The DataGrid uses a set of DataGridColumns to describe how to display its data just like a GridView has a set of GridViewColumns to describe its data. In my first post, the sample I used auto-generated the columns for you but this time I want to go over how to create the columns manually.
Currently in our WPF DataGrid we have four available stock columns and a template column:
Each column type corresponds to the UIElement that it will show in each of the cells in that column. The DataGridTemplateColumn allows you to customize the template with a custom UIElement or tree of Elements for each of the cells in the column. Template columns derive from DataGridColumn, whereas stock columns derive from DataGridBoundColumn which derives from DataGridColumn.
Why the difference in inherited classes? The main difference is that a DataGridBoundColumn includes the property Binding, which is a convenience property for mapping a data item property in the ItemsSource to its corresponding set of cells in the column. Here is an example:
The concept is basically the same as setting the DisplayMemberBinding property on a GridViewColumn of a GridView. I also talked about this in my post, Dissecting the Visual Layout. For a DataGridTemplateColumn, since you are free to set the template to whatever you like, we cannot automatically figure out where you would like to place the binding. Because of that, you are required to setup the binding yourself and therefore the class does not derive from DataGridBoundColumn.
Stock Columns and styling
For stock columns or DataGridBoundColumns, the main properties you will likely use are the Binding property, which I describe above, and the Header property. Header is just like GridViewColumn.Header, which displays the text on the DataGridColumnHeader of that column.
Styling a stock column can be accomplished with these particular properties:
Recall in my post, Dissecting the Visual Layout, when the DataGridCell is created its Content property is set after asking DataGridColumn to generate the visual tree. Well, depending if you are in an editing state or not, the column will generate a different UIElement for each state. For a DataGridTextColumn in an editing state, a TextBox is created. In a non-editing state, a TextBlock is created. For a DataGridComboBoxColumn in an editing state, a ComboBox is created, while in a non-editing state, a TextBlock is created.
With that in mind, CellStyle is the style for the overall DataGridCell (which is a ContentControl and items container), EditingElementStyle is the style for the DataGridCell’s Content generated during the editing state and ElementStyle is the style for the DataGridCell’s Content generated during the non-editing state. Here is an example:
You should note that the Bold FontWeight will be applied to both the editing and non-editing element while the Foreground property set in CellStyle will be overwritten by the Foreground property set by each of the element styles.
For DataGridTemplateColumns, the Header and CellStyle property still apply but there isn’t a Binding, EditingElementStyle, or ElementStyle property. Instead, you have the properties, CellTemplate and CellEditingTemplate. DataGridCell’s Content generation is still the same; it’s just that it uses these two cell templates to generate the content instead. Here is an example:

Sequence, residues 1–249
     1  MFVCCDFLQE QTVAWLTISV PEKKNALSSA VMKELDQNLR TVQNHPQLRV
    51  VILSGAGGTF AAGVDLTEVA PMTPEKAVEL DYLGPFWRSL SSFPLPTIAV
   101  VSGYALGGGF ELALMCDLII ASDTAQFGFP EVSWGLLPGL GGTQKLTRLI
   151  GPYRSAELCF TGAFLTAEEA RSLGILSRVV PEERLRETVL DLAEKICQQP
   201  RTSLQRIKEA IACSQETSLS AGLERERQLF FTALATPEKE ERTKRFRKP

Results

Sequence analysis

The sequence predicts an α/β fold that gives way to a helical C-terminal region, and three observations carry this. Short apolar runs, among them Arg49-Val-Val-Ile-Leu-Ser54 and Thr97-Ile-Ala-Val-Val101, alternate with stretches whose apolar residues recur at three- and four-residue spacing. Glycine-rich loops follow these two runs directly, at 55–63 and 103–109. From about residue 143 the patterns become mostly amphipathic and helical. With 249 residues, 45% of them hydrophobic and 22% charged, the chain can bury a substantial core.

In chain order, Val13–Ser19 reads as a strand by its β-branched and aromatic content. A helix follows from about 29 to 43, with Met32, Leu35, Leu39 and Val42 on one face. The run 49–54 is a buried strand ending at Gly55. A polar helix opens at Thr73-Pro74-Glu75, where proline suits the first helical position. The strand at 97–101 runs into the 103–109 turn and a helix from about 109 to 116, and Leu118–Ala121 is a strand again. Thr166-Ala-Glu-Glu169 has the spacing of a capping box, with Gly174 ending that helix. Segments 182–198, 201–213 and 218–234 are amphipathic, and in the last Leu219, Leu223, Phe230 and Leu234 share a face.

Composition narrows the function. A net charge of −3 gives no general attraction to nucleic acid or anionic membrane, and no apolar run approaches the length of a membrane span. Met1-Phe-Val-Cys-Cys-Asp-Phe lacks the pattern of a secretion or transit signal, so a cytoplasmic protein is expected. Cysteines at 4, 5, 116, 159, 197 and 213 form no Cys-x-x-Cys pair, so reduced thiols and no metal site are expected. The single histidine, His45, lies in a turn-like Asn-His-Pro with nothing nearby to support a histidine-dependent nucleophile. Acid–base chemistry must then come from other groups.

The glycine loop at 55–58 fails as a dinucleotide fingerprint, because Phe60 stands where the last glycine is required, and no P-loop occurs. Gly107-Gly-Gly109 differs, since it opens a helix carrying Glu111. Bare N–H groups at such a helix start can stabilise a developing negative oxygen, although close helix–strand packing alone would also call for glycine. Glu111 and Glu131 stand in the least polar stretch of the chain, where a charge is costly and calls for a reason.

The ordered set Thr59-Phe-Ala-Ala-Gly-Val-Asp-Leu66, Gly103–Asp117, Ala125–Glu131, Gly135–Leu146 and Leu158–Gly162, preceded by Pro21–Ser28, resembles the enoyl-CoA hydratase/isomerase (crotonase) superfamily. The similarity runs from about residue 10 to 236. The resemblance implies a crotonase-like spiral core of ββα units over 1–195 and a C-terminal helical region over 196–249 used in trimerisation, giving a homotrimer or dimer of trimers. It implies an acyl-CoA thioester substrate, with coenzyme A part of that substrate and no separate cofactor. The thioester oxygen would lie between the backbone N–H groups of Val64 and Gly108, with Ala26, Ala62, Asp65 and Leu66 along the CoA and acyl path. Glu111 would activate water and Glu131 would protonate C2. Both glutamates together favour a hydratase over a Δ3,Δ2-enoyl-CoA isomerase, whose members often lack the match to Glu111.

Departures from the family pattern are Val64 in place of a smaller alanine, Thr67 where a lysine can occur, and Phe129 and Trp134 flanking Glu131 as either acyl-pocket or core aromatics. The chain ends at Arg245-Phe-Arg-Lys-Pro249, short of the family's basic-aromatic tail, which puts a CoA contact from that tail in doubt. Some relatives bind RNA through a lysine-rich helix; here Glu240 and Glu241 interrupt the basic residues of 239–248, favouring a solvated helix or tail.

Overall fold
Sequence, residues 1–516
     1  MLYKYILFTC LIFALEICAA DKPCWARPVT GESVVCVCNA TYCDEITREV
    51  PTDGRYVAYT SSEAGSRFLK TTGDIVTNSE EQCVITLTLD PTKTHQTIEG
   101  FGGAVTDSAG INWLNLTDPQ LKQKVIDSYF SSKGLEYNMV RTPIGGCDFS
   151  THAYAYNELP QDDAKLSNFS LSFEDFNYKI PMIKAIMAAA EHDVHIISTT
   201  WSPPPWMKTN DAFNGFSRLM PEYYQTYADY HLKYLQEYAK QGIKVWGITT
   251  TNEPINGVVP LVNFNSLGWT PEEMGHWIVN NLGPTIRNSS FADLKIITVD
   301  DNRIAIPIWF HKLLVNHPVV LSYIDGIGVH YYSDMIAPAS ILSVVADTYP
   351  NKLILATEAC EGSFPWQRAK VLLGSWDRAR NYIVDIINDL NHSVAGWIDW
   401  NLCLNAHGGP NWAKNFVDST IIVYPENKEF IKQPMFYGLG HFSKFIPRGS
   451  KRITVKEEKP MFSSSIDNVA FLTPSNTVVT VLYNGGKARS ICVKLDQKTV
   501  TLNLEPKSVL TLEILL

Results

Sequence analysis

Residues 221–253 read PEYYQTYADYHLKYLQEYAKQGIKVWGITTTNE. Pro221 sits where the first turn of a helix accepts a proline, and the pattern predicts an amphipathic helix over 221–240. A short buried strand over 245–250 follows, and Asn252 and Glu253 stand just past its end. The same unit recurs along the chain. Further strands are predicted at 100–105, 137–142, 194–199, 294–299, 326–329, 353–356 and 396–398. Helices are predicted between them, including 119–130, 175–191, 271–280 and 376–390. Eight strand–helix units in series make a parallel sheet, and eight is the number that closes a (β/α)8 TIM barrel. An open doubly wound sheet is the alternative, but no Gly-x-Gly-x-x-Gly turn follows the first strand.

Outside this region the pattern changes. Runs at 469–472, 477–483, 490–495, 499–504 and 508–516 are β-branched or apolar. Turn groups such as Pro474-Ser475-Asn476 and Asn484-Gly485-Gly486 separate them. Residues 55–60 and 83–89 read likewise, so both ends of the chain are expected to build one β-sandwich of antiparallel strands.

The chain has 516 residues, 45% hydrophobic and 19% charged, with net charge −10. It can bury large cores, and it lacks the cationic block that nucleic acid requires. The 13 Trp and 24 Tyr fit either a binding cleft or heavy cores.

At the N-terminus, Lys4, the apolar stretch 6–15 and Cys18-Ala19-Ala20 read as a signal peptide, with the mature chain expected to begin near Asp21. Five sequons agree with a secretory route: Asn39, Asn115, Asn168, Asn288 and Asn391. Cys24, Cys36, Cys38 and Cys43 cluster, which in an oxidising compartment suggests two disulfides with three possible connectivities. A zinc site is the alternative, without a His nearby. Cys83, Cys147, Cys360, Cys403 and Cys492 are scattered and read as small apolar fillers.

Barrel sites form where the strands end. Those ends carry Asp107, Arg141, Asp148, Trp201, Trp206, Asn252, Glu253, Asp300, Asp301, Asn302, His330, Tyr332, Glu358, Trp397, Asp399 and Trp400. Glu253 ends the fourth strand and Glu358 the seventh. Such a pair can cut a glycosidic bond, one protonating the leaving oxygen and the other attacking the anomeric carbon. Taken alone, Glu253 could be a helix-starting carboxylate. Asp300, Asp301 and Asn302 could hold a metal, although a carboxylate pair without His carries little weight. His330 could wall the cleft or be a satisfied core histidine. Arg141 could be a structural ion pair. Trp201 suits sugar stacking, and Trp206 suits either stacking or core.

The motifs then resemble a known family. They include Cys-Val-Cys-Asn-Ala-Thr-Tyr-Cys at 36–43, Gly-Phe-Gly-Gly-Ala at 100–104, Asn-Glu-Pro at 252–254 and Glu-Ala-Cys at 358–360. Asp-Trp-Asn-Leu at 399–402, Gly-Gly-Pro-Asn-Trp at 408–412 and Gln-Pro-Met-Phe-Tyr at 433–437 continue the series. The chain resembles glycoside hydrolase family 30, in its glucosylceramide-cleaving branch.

In a non-editing state a Button is created as the UIElement for the cell and is bound to the FirstName property of my data source. In an editing state a TextBox is created as the UIElement. Having an editable Button in a DataGrid may not be a common scenario but I did want to show both CellTemplate and CellEditingTemplate. If you do not want to make it editable, one thing you can do is just not declare the CellEditingTemplate. Notice in both templates I setup the binding myself since I do not have a Binding like DataGridBoundColumns.
Important: Also notice that in CellEditingTemplate I had to declare the binding with Mode set to TwoWay and UpdateSourceTrigger set to PropertyChanged. This is another consequence of not getting the binding utilities that DataGridBoundColumns provide. In a DataGridBoundColumn, when cells are edited and committed, the DataGrid will take care of updating the sources for you. In the case of the template column, you will have to update the source yourself. This issue is only for a commit scenario. The DataGrid will still be able to rollback on a cancel command.
Column sizing uses a special class called DataGridLength that has sizing properties specifically for a row and column scenario. The types of widths are as follows:
Pixel uses absolute sizing on the column width, SizeToCells sizes the column width to the largest cell, SizeToHeader sizes the column width to the header width, Auto sizes the column width to either the largest cell or the header width whichever is larger, and Star sizing follow the proportional sizing like a Grid panel. See the final example below for usage of the different widths.
Putting it all together
So with all that, I have updated the sample from my first post on DataGrid with what I discuss here. Instead of auto-generating the columns, I’ve explicitly declared each column and I’ve setup different widths for you to get an idea of how that works. You can also double-click on the column header grippers to change the width to Auto. This functionality is similar to Windows Explorer. I’ve also created a template column that displays an Image UIElement when in non-edit mode and a CombBox UIElement when in editing mode. Notice the differences in how I setup the data bindings between the template column versus the bound columns. I’ve also added a DataGridCell style and DataGridRow style that updates the BorderBrush and BorderThickness when in edit mode. You can download the sample here.
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